“As of now, NASCAR doesn’t necessarily allow modifications,” he said. “There have been talks and stuff of certain things that could help me physically without allowing a performance advantage, and honestly at the end of the day, I don’t want an advantage, because I want everybody to know that when I make it, I made it on the same playing field that everybody else did.

“I don’t want people to think that I kind of got anything handed to me. But there have been conversations between me, my agency, and the teams and stuff.”

There are little things that the teams can adjust, however, and those things can make a big difference for Hacker.

“We are allowed to have certain adjustments to the seat on an angle, where it’s positioned, and same with the steering wheel,” he explained. “The way I personally hold the steering wheel, I keep it close to me, and then instead of like 10 and 2, I do like 11 and 5, I guess you could say, so my right hand is on the bottom of the wheel so when I go into the corners I have more range of motion, stuff like that.

“Back in the day though, when my left arm was a lot weaker than what it is right now, and when my arm would fall off the steering wheel, in case like I got spun out or something, it was really difficult to kind of get it back onto the wheel.

“My dad actually hooked up a window net from the inside door roll cage to my seat, and so when my arm did fall off, it was within an inch of the steering wheel, so it was a lot easier to kind of swing up and grab it. But no, as far as in NASCAR, everything is pretty much on a strict playing field between all the cars.”

Given the nature of the injury, Hacker’s strength is ovals, as there are strictly left turns. While he doesn’t necessarily see his right arm strength as an advantage on those tracks, he is aiming to erase any disadvantage he might have on the road courses.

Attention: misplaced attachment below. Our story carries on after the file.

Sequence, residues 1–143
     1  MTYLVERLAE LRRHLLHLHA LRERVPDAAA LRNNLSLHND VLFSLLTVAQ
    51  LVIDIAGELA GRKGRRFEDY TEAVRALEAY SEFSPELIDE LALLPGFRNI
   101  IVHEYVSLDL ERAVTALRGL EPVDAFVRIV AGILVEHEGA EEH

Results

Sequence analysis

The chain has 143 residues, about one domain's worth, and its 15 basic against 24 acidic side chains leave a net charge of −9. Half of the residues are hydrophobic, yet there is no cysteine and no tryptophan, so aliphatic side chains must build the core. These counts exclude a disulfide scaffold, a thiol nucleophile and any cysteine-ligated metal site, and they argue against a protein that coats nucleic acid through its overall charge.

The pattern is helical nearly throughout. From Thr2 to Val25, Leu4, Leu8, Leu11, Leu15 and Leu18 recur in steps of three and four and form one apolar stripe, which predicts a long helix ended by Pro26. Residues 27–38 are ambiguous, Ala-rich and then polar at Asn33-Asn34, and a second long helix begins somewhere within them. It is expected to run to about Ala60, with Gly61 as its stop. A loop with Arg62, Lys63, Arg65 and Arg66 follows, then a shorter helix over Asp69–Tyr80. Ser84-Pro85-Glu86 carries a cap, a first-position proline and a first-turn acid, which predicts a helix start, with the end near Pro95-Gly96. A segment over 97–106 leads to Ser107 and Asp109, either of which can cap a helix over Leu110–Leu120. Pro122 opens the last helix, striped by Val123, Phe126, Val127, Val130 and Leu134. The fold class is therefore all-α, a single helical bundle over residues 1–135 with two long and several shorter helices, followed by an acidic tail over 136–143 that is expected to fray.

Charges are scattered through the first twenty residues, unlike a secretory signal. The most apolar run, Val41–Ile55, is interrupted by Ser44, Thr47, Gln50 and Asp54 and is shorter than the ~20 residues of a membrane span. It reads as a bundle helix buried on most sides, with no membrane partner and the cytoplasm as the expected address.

“It’s hard to compare between everybody else because my injury was at birth, so that’s kind of the norm for me,” he said when asked about the use of his right arm to steer the car. “I wouldn’t really say it gives me an advantage, but driving on ovals is definitely going to be a lot easier than road courses for me I feel like. So that’s going to be something that we’re going to have to adapt to, obviously.

“I practice road courses all the time right now on sim racing, and I hate to toot my own horn, but I’m pretty good! But right now I use the paddle shifters on the sim, so I have to start practicing using the H-pattern.”

He does admit that there are inherent challenges that even come along with oval racing, just based on the nature of the injury.

“So far, the only problem we’ve run into in NASCAR really is shifting on restarts and stuff, especially if the front straightaways are curved,” he stated. “It’s hard to position the wheel correctly to ride the curve when I take my right hand off the wheel. When they’re straight, I can kind of pinch my elbow onto my rib cage and just use my own body as leverage to keep my arm straight and still to hold the wheel when I shift.